Lessons from the Pandemic: What Should Stay, What Should Go

The pandemic is not, nor will it likely ever be, completely eradicated. However, as a global community, we are at a juncture where society is opening up again. From packed sports stadiums to students returning for in-person classes, there are echoes of a pre-pandemic world cropping up all around us. The haunting images of empty Italian streets seem a far cry from our current reality, but the heyday of COVID-19 is still in recent memory. The first outbreaks shocked the world into survival mode and we were barraged by tragedy, coupled with countless moments of heroism. Emerging from that high-octane state, we have an opportunity to take stock of what changes resulted from the pandemic, and which of those are worth keeping in a post-crisis society. 

Out of necessity, some changes came abruptly to maintain a semi-functioning world. The health care industry was put under the greatest strain, but all professions felt their own pandemic pains to some extent. Prior to COVID-19, a generational shift in traditional “9 to 5” workdays was already gaining momentum. Examples included parents looking for more flexible work schedules or employees pushing for remote work options. These two examples came into sharp focus when the pandemic hit. Changes that may have taken years to actualize were thrust onto employers as entire workforces were forced into home isolation. Suddenly, children popping up in the background of Zoom calls became a frequent occurrence. Parents working from home was the only option available to most. As so many families found themselves in similar scenarios, there was a collective appreciation and understanding of the day-to-day challenges inherent with being a working parent.  

With massive legal libraries and the ceremony of court, the legal profession is, in many ways, a very tactile field. Remote work scenarios might come to mind more easily for a tech start-up in Silicon Valley than an established law firm. To keep the court system moving, virtual court proceedings were a necessity across all jurisdictions. Logistical planning for a virtual trial presented new complexities to an established system, but the COVID-era showed that these challenges were not insurmountable. Pre-trial conferences, for example, now include a technology section to cover items like which virtual platform will be used. Other planning, such as witness scheduling, eased as individuals could be summoned in real-time from anywhere in the world with a reliable internet connection.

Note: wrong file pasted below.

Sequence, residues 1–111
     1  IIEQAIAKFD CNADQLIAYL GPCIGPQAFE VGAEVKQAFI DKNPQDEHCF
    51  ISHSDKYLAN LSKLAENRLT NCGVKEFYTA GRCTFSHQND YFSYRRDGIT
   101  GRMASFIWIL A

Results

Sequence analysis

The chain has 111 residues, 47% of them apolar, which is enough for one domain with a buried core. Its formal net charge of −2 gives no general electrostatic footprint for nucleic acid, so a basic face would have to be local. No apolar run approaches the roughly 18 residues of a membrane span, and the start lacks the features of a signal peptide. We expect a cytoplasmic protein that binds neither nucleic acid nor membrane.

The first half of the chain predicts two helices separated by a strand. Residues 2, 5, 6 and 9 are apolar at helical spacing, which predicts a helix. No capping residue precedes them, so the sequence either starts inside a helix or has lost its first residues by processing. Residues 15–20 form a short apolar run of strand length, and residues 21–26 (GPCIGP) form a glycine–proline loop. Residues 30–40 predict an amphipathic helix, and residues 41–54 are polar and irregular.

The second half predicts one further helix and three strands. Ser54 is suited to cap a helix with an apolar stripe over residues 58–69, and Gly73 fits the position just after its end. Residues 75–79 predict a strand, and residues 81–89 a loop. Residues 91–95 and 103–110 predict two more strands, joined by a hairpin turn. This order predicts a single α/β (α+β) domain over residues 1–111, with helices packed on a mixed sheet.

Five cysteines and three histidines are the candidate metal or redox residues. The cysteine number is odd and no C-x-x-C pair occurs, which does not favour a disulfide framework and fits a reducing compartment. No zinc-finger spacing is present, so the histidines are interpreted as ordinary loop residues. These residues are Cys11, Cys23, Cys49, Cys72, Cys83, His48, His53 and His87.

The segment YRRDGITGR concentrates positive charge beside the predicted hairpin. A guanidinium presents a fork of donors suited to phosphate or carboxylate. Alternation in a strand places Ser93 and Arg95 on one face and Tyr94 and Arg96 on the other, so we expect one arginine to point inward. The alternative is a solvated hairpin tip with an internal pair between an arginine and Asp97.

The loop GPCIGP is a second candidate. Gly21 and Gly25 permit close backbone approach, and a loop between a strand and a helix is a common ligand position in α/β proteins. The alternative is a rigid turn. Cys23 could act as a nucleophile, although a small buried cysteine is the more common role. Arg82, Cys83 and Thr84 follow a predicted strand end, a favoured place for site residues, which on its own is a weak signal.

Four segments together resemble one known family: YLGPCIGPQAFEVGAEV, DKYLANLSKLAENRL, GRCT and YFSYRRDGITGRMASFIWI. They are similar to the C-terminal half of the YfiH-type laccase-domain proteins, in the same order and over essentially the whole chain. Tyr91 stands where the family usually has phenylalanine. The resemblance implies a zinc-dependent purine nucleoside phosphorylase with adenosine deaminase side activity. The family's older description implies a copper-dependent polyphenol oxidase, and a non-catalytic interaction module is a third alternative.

Changes also came within law firms. The mentality of burning the midnight oil at the office as a badge of honour still has many subscribers in the legal community. However, the pandemic challenged the notion that physical presence in an office was necessary for successful firm operations. While working from home is not every lawyer’s preference, the flexibility the pandemic offered out of necessity is a change with long term benefits. Working from home worked brilliantly for some lawyers while others still preferred a traditional brick and mortar firm environment. In a post-pandemic era, acknowledging and accommodating for differing work styles empowers lawyers to do their best work. Lawyers who feel supported by their firm’s policy are more likely to stay in those positions. Flexible work options also hold benefits for clients as overhead costs of line items such as travel expenses are lessened or eliminated from billing statements.

All industries and professions should seize the opportunity to assess the positive and negative impacts of the pandemic on their businesses. Lawyers tend to be natural leaders and may be more hesitant to turn inward and ask the question of how the pandemic affected them on a personal level. This self-reflection, combined with the organizational reflection by the firm or larger business, will coalesce into meaningful feedback for this new working landscape. 

Derek LaCroix
Derek LaCroix, KC, joined LAPBC as our Executive Director in 1996.